Weeks after the U.S.-led coalition failed to stop Islamic State forces from taking over the Iraqi city of Ramadi, America still does not have a complete strategy to defeat the militant forces, said President Barack Obama at the G-7 summit Monday.
He said at the annual meeting that the U.S. administration did not have a “complete strategy” to beat the Islamic State group, also known as ISIS. The comments echo what that president said in September, that he did not yet have a strategy to combat ISIS militants, and his speech Monday indicated that, in terms of fighting the terrorist organization, the plan has not changed much in the past several months.
Obama’s statement Monday re-emphasizes what his critics have been accusing him of for a long time. The Republican National Committee immediately responded to Obama’s comments and wondered publicly what the U.S. president has been doing for the last 10 months.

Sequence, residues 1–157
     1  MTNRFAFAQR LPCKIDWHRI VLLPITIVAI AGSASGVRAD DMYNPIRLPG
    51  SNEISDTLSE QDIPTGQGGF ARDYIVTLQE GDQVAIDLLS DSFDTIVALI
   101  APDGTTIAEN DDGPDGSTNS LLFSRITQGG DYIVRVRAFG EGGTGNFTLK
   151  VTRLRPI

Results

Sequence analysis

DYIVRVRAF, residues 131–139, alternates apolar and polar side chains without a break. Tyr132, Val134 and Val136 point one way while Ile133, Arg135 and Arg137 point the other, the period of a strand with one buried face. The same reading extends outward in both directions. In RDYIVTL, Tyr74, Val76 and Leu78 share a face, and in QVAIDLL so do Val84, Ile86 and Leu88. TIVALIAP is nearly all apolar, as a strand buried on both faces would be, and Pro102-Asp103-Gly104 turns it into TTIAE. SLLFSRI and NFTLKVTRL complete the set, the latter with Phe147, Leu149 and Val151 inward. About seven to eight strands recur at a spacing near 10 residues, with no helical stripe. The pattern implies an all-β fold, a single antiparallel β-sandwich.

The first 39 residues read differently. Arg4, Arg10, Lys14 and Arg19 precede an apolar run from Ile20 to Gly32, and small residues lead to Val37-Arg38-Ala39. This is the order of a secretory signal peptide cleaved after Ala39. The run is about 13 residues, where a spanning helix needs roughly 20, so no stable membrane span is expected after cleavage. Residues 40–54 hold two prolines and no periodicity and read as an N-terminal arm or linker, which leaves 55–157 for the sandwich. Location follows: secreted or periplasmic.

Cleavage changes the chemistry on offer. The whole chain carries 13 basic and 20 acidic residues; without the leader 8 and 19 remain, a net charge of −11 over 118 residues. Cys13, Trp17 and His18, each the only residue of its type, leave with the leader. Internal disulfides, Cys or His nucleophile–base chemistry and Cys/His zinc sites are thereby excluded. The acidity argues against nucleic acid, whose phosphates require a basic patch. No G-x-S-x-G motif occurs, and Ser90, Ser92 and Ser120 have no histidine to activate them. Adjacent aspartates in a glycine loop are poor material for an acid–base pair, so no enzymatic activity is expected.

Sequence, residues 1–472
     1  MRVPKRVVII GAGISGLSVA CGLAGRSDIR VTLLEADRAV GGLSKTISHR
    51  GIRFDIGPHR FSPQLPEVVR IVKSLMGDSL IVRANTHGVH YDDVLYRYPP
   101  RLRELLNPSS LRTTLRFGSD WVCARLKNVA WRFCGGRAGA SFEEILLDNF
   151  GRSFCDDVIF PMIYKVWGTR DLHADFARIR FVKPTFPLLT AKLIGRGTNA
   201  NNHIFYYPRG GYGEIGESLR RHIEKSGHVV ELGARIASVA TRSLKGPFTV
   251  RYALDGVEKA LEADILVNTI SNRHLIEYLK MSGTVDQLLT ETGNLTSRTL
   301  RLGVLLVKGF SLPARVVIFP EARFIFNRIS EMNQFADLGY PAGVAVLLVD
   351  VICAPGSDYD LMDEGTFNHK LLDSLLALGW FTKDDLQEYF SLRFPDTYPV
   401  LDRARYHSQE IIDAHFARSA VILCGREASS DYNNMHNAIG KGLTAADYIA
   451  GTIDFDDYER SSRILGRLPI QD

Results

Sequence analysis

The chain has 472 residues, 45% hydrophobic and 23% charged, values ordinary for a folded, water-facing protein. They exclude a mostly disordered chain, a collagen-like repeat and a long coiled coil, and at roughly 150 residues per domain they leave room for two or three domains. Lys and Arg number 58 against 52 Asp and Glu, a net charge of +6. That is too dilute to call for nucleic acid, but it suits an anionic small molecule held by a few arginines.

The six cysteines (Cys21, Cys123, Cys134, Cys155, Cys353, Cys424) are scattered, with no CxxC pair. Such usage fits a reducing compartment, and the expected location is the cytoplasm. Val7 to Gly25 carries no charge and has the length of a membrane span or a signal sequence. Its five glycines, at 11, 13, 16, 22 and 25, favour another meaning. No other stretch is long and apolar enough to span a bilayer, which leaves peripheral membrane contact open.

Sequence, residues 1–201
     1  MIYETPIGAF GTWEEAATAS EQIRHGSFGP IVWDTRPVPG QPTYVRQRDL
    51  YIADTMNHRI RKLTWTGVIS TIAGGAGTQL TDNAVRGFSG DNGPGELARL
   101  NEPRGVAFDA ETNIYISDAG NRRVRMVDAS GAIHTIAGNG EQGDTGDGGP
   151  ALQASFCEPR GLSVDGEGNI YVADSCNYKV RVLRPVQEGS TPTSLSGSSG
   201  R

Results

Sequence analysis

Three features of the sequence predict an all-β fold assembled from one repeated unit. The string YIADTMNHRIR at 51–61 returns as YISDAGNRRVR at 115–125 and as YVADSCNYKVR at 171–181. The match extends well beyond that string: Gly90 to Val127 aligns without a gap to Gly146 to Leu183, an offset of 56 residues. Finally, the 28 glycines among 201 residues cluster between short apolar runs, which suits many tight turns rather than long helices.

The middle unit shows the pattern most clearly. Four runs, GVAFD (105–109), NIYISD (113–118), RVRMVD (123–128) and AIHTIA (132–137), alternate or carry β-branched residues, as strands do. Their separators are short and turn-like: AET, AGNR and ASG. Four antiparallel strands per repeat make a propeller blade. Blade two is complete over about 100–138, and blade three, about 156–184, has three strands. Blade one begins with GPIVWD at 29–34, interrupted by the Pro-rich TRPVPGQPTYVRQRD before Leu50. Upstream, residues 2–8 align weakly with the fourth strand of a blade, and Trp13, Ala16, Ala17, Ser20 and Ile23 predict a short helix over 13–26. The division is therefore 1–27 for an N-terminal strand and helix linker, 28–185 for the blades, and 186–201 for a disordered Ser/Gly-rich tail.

Texas Sen. Ted Cruz suggested that America should unleash air power to eliminate ISIS, stating that Obama’s anti-ISIS strategies had failed for the past 10 months. South Carolina Sen. Lindsey Graham added that ISIS is a “dangerous and growing threat” to the U.S. homeland.
Senate Armed Services Committee Chairman John McCain referred to the ISIS execution in Ramadi, saying, "One can wonder, one has to wonder, whether this president just wants to wait out the next year-and-a-half and basically do nothing to stop this genocide, [these] bloodletting, horrible things that are happening throughout the Middle East," according to CNN.
Former Texas Gov. Rick Perry said that Obama’s statements prove his failed leadership. “If I were commander in chief, it would not take nine months to work with our military leaders to develop a complete strategy to destroy ISIS and protect American security interests and values,” Politico quoted Perry as saying.
Former Florida Gov. Jeb Bush reacted on Twitter. He said that Obama had proved in Germany that he has no ISIS strategy and added that Obama’s lack of strategy had been “clear for a while.”
While Obama said that he did not have a complete plan yet, he mentioned that he would share a final training plan for the Iraqi military with the U.S. population. He added that there are still “significant” challenges in fighting ISIS.